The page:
Homeless, harrassed and unemployed: the reality facing more young Aussies
Disturbing trends made worse by COVID
The already “too-high” rate of youth homelessness in Australia is expected to surge in coming months due to COVID-19’s impact, according to Mission Australia.
A new youth homelessness report released today by Mission Australia reveals one in six Australians aged 15-19 has experienced homelessness at least once, with or without their families. This includes spending time without a fixed address, living in a refuge or transitional accommodation, and couch surfing.
“Too many young people in Australia don’t know where they’re going to sleep tonight.” – James Toomey
Notably, of the 13 per cent of young people who said they had “couched surfed”, almost one in five (18.8 per cent) had first done so when under the age of 12.
“Too many young people in Australia right now don’t know where they’re going to sleep tonight,” CEO of Mission Australia, James Toomey, told Eternity.
The “Staying Home” homelessness report – based on the results of Mission Australia’s Youth Survey Report 2019 – collates responses from more than 25,000 young people across Australia.
While the proportion of young people who have experienced homelessness hasn’t changed since Mission Australia’s last report in 2017, the situation is likely to worsen because of COVID-19.
“Many young people who have lost jobs due to COVID-19 are now unable to afford to pay their rent, or they’re escaping situations of heightened family conflict.” – James Toomey
“Over the last few months, Mission Australia has seen an increase in young people seeking support from our youth homelessness services, such as youth refuges for emergency relief, support and accommodation, due to the instability caused by COVID-19,” said Toomey.
“This is partly because of growing youth unemployment rates, with many young people who have lost jobs due to COVID-19 now unable to afford to pay their rent – or they’re escaping situations of heightened family conflict, or a decline in mental wellbeing due to spending more time at home.”
Although some young people actually have been better off during COVID thanks to government measures, Toomey warns this may not last.
“In some circumstances, the increase in income support in response to COVID-19 has helped some young people who we were assisting and who were at risk of homelessness, to finally be able to afford basic essentials including rent, depending on their situation. So we cannot afford to go back to the previous low rates of income support.
“Mission Australia anticipates a surge in homelessness if current income support rates are cut to pre-COVID-19 levels, and if state initiatives to place rough-sleepers in hotels or permanent accommodation are discontinued without a much-needed investment in new social and affordable homes.”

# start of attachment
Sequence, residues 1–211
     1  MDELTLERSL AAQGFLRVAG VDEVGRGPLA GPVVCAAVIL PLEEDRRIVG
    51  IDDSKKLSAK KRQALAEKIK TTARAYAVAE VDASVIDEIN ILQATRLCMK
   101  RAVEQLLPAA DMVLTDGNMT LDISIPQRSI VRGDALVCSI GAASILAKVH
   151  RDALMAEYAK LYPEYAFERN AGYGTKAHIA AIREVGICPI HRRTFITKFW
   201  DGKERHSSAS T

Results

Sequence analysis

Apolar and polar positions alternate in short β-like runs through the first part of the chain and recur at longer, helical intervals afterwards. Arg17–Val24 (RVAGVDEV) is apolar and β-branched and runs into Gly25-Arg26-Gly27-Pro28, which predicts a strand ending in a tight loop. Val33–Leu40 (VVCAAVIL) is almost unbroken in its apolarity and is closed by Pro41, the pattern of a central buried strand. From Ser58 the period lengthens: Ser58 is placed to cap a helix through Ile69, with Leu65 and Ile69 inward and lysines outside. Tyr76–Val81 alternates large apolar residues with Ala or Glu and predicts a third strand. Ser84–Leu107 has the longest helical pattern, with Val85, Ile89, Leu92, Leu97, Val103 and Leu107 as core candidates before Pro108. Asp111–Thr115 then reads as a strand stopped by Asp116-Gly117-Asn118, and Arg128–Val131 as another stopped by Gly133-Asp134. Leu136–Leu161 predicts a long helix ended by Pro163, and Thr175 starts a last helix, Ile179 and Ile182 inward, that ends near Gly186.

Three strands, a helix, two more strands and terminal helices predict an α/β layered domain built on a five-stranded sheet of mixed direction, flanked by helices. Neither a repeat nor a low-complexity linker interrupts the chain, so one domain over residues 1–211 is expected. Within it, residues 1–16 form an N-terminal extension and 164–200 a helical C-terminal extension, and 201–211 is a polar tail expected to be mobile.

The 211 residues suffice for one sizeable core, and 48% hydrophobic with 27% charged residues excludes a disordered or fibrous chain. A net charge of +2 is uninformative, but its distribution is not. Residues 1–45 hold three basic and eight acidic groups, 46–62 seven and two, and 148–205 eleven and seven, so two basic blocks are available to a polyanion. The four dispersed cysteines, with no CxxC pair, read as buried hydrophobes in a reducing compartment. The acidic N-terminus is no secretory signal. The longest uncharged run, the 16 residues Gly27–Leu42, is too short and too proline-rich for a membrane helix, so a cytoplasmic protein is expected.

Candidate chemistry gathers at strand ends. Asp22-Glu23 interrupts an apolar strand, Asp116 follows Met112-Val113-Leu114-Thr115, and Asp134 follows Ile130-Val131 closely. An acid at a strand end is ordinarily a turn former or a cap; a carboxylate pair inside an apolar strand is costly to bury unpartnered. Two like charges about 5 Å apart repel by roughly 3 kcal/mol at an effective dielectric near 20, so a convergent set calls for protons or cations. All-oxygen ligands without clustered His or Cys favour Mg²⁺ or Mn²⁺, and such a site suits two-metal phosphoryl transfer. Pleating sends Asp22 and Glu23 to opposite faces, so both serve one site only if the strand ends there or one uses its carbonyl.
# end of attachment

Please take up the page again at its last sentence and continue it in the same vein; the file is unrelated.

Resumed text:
Young people who had been homeless were twice as likely to have been bullied and to report psychological distress.
The impacts of homelessness on young people are explored in the Staying Home report. It found young people who had been homeless were twice as likely as those who hadn’t faced homelessness to have been bullied, and twice as likely to report psychological distress.
They were four times more likely to feel very sad or sad with life as a whole, and more likely than their peers to express concerns about family conflict, mental health, financial security, suicide and coping with stress.
These impacts can create “insurmountable barriers as they move into their adult lives”, according to Toomey.
COVID-19 is also creating or exacerbating these issues for more young people as they find themselves without stable accomodation.
“As a result of this instability, some may be missing school, others may be experiencing mental illness and living in situations of family conflict with minimal sense of safety and wellbeing,” said Toomey.
“These young people are more likely to be disengaged from education and employment, which can have significant impacts on their future.”
“This public health crisis has really pinpointed that young people need safe, affordable and appropriate housing.” – James Toomey
Mission Australia – along with other organisations who are part of the Everybody’s Home campaign – is calling on the government to end homelessness with a national plan to create 500,000 new social and affordable homes by 2030. This includes youth-specific social housing options. Such a plan will be more important than ever in a post-COVID world, said Toomey.
“As Australia moves toward COVID-19 recovery, the government must ensure that no one gets left behind, including young people without a safe place to call home.
“This public health crisis has really pinpointed that young people need safe, affordable and appropriate housing so they can stay well, study, work and safely connect with community.”